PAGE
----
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Solar Farm to Deliver Better Electricity Access, Annual Revenue to B.C. First Nation

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The six communities of the Tŝilhqot’in Nation in British Columbia are looking ahead to better electricity access and C$175,000 in annual revenue after completing construction of a solar farm west of Williams Lake that is expected to generate 1.5 gigawatt-hours per year for the BC Hydro grid.

“Energy and electricity has been lacking out in the territory for a long time,” said [1] Chief Joe Alphonse, “so we welcome the opportunity for business and to improve the well-being of our people.”

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“There were challenging hurdles to get this project to the point of completion, but I am happy to see that the solar farm is ready to offer electricity to the region and provide revenue for the Tŝilhqot’in Nation,” added Myers Ross, vice-chair of the Tŝilhqot’in National Government.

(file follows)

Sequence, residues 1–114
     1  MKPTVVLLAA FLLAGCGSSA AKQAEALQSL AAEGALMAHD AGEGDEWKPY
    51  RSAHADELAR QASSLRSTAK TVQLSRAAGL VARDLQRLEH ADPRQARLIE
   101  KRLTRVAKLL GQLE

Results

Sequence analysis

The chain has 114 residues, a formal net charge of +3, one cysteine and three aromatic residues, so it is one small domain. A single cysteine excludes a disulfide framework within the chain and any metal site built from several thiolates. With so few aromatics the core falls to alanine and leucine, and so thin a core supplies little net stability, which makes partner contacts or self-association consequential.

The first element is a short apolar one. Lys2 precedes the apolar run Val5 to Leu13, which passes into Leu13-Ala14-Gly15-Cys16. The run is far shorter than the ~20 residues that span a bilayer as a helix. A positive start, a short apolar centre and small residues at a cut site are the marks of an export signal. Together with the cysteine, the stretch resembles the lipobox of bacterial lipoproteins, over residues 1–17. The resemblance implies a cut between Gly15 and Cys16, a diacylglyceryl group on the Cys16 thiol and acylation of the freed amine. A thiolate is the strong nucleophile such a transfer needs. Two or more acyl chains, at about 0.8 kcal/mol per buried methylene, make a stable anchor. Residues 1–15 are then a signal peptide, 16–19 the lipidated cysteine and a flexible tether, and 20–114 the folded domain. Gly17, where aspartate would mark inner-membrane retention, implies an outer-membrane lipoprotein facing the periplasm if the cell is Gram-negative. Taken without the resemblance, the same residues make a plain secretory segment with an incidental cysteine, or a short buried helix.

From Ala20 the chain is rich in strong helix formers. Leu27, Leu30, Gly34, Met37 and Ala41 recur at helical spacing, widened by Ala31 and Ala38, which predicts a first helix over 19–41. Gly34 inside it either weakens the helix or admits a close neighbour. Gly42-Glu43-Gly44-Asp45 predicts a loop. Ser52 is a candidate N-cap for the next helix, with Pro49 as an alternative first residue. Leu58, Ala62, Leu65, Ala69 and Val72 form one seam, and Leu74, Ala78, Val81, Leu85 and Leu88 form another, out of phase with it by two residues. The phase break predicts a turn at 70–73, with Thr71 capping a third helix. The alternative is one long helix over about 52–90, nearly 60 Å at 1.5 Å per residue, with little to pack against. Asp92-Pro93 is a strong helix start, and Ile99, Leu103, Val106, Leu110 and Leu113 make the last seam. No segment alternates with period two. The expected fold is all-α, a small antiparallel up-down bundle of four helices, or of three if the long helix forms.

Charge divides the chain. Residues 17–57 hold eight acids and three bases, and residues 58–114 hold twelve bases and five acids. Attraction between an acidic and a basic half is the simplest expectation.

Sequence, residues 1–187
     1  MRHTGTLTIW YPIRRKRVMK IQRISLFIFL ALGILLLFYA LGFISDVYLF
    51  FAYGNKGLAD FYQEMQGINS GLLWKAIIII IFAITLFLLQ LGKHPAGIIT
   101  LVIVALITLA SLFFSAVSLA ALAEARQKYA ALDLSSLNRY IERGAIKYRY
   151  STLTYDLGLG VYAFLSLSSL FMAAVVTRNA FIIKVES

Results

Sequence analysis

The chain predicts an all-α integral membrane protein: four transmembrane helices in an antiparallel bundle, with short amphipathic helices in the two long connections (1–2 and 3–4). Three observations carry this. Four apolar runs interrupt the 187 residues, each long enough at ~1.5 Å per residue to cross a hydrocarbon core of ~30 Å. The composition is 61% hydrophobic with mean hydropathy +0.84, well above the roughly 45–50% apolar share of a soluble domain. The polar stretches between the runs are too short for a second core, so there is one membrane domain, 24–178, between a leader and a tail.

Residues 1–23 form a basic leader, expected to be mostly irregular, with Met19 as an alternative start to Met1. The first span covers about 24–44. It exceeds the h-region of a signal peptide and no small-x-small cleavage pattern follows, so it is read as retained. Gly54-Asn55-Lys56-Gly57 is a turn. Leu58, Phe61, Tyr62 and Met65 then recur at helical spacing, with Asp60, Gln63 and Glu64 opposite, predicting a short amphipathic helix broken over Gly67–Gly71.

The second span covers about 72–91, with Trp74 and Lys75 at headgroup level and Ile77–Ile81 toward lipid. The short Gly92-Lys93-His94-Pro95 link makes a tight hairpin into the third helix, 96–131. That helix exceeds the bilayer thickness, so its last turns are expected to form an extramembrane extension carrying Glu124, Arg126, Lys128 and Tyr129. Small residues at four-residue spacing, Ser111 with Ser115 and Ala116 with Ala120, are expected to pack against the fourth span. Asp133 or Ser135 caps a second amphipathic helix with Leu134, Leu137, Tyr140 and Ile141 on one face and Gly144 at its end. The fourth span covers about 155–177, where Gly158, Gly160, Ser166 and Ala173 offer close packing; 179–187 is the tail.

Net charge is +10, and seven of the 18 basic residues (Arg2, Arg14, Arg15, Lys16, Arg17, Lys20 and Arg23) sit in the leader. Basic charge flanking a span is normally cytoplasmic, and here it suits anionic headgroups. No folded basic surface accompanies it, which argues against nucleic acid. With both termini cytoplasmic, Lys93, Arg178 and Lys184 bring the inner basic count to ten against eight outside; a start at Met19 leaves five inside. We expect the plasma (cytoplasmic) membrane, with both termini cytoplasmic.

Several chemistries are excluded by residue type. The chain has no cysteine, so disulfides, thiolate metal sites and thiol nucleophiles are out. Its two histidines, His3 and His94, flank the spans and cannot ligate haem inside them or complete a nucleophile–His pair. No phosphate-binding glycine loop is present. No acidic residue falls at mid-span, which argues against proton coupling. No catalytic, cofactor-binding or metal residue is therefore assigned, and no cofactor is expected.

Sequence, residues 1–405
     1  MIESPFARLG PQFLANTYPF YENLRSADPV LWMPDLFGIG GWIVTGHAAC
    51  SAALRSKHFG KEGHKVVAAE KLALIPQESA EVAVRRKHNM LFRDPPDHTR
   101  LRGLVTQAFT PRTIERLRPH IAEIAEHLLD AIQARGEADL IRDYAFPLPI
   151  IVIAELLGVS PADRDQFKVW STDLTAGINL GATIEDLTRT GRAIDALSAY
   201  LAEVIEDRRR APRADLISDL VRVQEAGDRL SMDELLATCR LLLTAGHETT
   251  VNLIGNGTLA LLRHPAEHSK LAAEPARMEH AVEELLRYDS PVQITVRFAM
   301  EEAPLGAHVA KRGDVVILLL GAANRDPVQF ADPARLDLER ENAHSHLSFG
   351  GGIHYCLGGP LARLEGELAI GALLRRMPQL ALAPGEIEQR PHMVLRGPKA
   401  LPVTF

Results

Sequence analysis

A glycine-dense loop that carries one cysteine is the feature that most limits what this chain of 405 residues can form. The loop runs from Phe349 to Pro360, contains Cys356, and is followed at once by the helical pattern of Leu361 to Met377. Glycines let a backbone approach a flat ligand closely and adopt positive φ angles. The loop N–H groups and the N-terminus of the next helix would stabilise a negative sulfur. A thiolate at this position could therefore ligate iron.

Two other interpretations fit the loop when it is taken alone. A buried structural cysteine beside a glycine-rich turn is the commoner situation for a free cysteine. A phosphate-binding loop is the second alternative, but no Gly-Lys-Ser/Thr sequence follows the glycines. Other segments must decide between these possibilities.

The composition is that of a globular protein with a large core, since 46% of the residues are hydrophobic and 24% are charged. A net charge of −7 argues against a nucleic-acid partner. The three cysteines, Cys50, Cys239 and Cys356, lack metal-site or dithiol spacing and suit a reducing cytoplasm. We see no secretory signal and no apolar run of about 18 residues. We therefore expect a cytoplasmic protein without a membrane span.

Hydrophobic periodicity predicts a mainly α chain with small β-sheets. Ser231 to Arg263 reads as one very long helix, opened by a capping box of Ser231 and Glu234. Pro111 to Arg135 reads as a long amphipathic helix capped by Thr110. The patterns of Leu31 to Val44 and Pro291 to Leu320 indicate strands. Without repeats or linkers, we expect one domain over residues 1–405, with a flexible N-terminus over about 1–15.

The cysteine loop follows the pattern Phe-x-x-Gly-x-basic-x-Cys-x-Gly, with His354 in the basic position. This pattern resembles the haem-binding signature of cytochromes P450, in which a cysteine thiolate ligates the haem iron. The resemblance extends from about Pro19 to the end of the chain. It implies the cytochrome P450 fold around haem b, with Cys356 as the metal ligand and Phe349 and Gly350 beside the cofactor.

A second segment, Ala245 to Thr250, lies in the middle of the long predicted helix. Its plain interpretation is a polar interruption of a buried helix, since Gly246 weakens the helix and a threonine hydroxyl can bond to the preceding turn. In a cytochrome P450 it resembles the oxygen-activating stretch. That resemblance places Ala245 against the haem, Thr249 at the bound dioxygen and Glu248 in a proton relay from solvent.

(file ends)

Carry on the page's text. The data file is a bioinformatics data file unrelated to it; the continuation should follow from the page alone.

In a presentation last year for Clean Energy British Columbia, the community underscored the limited energy access it has had to contend with until now. “The Chilcotin region is served by a weak, 250-kilowatt power line that runs from Williams Lake to Tatla Lake,” Tŝilhqot’in Economic Opportunities Coordinator Dolly Kershaw wrote [3] in a presentation. “The low capacity of the grid throttles economic activities and must be supplemented by diesel generators.”

The solar site on the grounds of the Riverwest Sawmill, a brownfield site designated for heavy industrial use, is located about 80 kilometres outside Williams Lake. It’s expected to be connected to the provincial grid by the end of next month, CBC says, and will generate enough electricity to power 135 average homes.